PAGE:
Joseph is the example in scripture without equal. He does as he is asked without complaint, knowing that his fatherhood is only really a guardianship. So for our earthly parents. We are to honor them, because God gave them to us. But they are there in the stead and by the command of our true Father in heaven, to love, nurture, and care for us.
Joseph does this for Jesus. And then he steps aside. In scripture he isn’t heard of again. Probably because he had died. But even had he not, he would have stepped aside for Jesus to be the Son of God and the Savior of the world.
Joseph does have one more job that’s not mentioned very much. He was responsible for naming his son. The angel tells him, you will call him Jesus, for he will save his people from their sins. It is Joseph the guardian who makes certain that the name of Jesus is put on the baby.
So also for parents today. They are responsible for making sure that the name of Jesus is put on their children in the waters of Holy baptism. God gives guardianship of the little ones whom he created to their earthly parents, and they are responsible to raise children in the fear and love of the Lord. This begins with the name of Jesus being put on them, not with circumcision, as it was for Jesus, but in Holy Baptism.
In Holy Baptism, parents say, “I may be the parent of this child, but God is the true Father for this child, just as He is for me. And now I give over this child to God, even as I continue as this child’s guardian.” The pagans give children to their gods with child sacrifices. We do it by naming them with God’s name: Father, Son and Holy Spirit. They are now children of their heavenly Father. The one through whom all true fatherhood is known. The one through whom all true sonship is known.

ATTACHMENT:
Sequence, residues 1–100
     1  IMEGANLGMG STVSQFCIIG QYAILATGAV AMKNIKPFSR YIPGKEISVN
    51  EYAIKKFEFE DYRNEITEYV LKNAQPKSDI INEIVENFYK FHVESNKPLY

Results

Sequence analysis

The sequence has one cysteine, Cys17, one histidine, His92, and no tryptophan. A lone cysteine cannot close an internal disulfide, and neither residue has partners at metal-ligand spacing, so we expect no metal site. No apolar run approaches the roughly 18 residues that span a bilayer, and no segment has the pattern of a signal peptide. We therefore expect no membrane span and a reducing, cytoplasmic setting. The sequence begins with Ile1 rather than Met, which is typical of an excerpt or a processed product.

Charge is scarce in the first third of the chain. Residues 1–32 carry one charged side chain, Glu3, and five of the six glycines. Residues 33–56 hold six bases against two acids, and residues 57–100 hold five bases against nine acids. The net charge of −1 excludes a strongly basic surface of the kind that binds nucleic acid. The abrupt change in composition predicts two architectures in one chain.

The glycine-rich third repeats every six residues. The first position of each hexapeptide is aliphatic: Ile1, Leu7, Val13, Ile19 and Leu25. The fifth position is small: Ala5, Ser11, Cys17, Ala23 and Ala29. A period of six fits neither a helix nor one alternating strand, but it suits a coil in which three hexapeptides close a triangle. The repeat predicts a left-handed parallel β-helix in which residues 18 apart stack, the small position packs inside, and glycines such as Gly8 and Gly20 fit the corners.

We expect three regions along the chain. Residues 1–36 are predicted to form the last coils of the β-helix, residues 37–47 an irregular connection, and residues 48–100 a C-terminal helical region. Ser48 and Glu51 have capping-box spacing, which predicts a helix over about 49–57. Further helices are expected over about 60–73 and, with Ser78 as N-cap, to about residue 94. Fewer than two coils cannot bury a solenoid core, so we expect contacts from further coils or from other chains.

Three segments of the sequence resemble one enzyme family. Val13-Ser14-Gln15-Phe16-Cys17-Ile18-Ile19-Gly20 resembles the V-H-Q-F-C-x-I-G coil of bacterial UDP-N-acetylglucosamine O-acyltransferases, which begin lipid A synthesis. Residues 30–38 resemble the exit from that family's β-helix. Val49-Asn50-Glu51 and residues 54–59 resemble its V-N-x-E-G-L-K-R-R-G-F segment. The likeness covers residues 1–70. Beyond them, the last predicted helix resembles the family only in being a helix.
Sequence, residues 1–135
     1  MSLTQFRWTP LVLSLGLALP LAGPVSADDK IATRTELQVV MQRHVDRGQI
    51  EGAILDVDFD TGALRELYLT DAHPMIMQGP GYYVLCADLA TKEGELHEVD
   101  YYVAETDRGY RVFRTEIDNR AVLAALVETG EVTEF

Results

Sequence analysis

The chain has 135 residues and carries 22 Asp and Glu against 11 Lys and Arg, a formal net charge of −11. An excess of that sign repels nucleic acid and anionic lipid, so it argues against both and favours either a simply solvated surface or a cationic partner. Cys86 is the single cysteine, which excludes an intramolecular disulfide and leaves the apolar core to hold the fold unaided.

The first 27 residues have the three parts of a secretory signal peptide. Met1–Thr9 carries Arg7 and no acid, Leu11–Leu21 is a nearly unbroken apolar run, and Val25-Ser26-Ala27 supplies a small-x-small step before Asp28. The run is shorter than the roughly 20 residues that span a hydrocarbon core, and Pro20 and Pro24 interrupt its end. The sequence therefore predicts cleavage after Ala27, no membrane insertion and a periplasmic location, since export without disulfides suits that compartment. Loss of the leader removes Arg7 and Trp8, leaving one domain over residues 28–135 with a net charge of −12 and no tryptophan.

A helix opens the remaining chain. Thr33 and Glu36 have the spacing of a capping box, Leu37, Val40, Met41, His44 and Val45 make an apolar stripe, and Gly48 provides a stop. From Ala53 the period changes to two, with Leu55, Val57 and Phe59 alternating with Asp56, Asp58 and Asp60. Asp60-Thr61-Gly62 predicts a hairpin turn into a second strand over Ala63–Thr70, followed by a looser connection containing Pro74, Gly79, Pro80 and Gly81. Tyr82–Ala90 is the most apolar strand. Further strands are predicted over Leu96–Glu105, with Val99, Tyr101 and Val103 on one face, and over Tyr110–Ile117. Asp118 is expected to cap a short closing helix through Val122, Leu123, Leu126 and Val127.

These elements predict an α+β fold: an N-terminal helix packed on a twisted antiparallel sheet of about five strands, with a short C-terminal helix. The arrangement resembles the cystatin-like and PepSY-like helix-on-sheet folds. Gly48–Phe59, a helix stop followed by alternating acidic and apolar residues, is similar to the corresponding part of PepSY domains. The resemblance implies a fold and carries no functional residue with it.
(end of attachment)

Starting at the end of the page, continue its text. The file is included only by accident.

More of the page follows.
For in that water we are taken out of this world, even while still in this world. We are joined to Christ, who intercedes for the Father on our behalf, who died for the sins of the world, even for the sins of his earthly father who, we are told, was a just and righteous man. Jesus died for all the sins. Even yours.
And now Jesus gives the forgiveness he won to you. He marks you with his name, with his sign – the cross. Redeemed by Christ the crucified, you are now adopted as a child of God. No longer a stranger, but family. True family, that transcends the bonds of blood in this world. It is based on the bond of the blood shed by the Son of God for your salvation. And now Christ is your brother, God is your Father, and you are part of the true family.
Those who continue to serve in this world as father, mother, son, daughter, even friend, coworker, or whatever, if done under the name of Jesus, are family with all the faithful, all those who look to Jesus for their salvation, all those who call God, “Father.”
Today we give thanks for Saint Joseph, guardian of our Lord, who points us to Jesus, and to Jesus true Father, who is now also your true Father. Amen.